I stand on Zion's mount
Is there a whim-inspiréd fool.
Is there for honest poverty.
I sprang to the stirrup, and Joris and he R. Browning 397
I stood, one Sunday morning
I think of thee! my thoughts do twine and bud
W. S. Landor 200
P. P. Cooke 233
Sir R. Ayton 171
E. B. Browning 146
In May, when sea-winds pierced
I mind me in the days departed
Impostor, do not charge most innocent nature Milton 638
I'm wearing awa', Jean
In a dirty old house lived a dirty old man
In the fair gardens of celestial peace.
W. Dimond 484
In summer, when the days were long Anonymous
In the days that tried our fathers
H. B. Stowe 176
Is there when the winds are singing
Jane Taylor 671
In the hour of my distress
R. W. Emerson 366
I travelled among unknown men
It was a beauty that I saw
It was a dreary day in Padua
It was a summer evening
I sing about a subject now
I sing of a shirt that never was new !
Barry Cornwall 354
263 758 G. H. McMaster 446 W. E. Aytoun 231 Wordsworth 245
London Diogenes 766
E. B. Browning 111
I thought our love at full, but I did err J. R. Lowell 127
It is an ancient mariner
It is not beauty I demand
It is not growing like a tree
It is the miller's daughter
It must be so. Plato, thou reasonest well!
Whittier 463 Anonymous 60 Ben Jonson 565 Tennyson 50
Addison 624 Wordsworth 442 Ben Jonson 42 G. H. Boker 680 Thos. Percy
It was many and many a year ago "It was our wedding day"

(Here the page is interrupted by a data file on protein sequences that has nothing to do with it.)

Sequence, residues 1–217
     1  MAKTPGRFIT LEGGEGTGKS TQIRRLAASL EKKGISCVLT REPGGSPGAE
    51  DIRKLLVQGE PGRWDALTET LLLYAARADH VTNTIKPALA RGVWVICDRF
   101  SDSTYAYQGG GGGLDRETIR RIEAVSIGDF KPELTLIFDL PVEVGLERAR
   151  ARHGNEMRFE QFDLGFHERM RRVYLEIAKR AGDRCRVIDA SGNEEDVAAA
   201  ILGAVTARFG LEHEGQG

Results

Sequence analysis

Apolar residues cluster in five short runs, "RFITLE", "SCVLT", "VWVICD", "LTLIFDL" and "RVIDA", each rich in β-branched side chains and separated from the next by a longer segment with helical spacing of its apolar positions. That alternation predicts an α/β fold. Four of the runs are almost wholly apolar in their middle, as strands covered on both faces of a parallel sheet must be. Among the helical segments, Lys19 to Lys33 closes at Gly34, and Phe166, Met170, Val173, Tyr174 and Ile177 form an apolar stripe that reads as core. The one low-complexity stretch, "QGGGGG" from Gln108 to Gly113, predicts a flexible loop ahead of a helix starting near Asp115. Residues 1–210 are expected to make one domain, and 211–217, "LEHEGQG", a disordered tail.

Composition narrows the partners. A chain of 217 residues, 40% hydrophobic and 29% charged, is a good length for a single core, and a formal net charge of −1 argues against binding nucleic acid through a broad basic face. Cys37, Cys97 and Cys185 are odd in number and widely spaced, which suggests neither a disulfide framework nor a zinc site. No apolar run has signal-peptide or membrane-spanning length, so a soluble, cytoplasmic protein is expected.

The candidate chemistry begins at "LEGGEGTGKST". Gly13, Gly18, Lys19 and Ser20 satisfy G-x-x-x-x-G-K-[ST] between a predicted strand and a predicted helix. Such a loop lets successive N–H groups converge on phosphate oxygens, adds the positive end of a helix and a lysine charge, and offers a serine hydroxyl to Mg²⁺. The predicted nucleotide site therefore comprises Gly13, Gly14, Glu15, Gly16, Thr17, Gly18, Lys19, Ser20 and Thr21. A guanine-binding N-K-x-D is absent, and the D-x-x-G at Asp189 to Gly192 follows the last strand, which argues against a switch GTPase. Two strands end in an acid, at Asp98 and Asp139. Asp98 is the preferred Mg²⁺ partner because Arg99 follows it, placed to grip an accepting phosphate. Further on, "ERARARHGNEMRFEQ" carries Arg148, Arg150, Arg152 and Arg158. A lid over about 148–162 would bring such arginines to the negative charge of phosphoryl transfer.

I will not have the mad Clytie
I will paint her as I see her
I wish I were where Helen lies!
It was the autumn of the year
It was the wild midnight.
It was upon an April morn
I've wandered east, I 've wandered west
I wandered lonely as a cloud.
I was in Margate last July Thomas
I will go back to the great sweet mother
I would I were an excellent divine.
I would not live alway
W. Motherwell 154
Little inmate, full of mirth
J. Sylvester 567
E. A. Poe 205
Jaffar, the Barmecide, the good Vizier
Jenny kissed me when we met
Jingle, jingle, clear the way
John Anderson, my jo, John
John Dobbins was so captivated
A. C. Swinburne 205
598 W. A. Muhlenberg 180
Jumping over gutters.
Just as I am, without one plea
Lord, I am weeping.
Lord John stood in his stable door
Lo! where she comes along with portly pace
Lo! where the rosy-bosomed Hours
Loud roared the dreadful thunder
Love me little, love me long !.
Lucy is a golden girl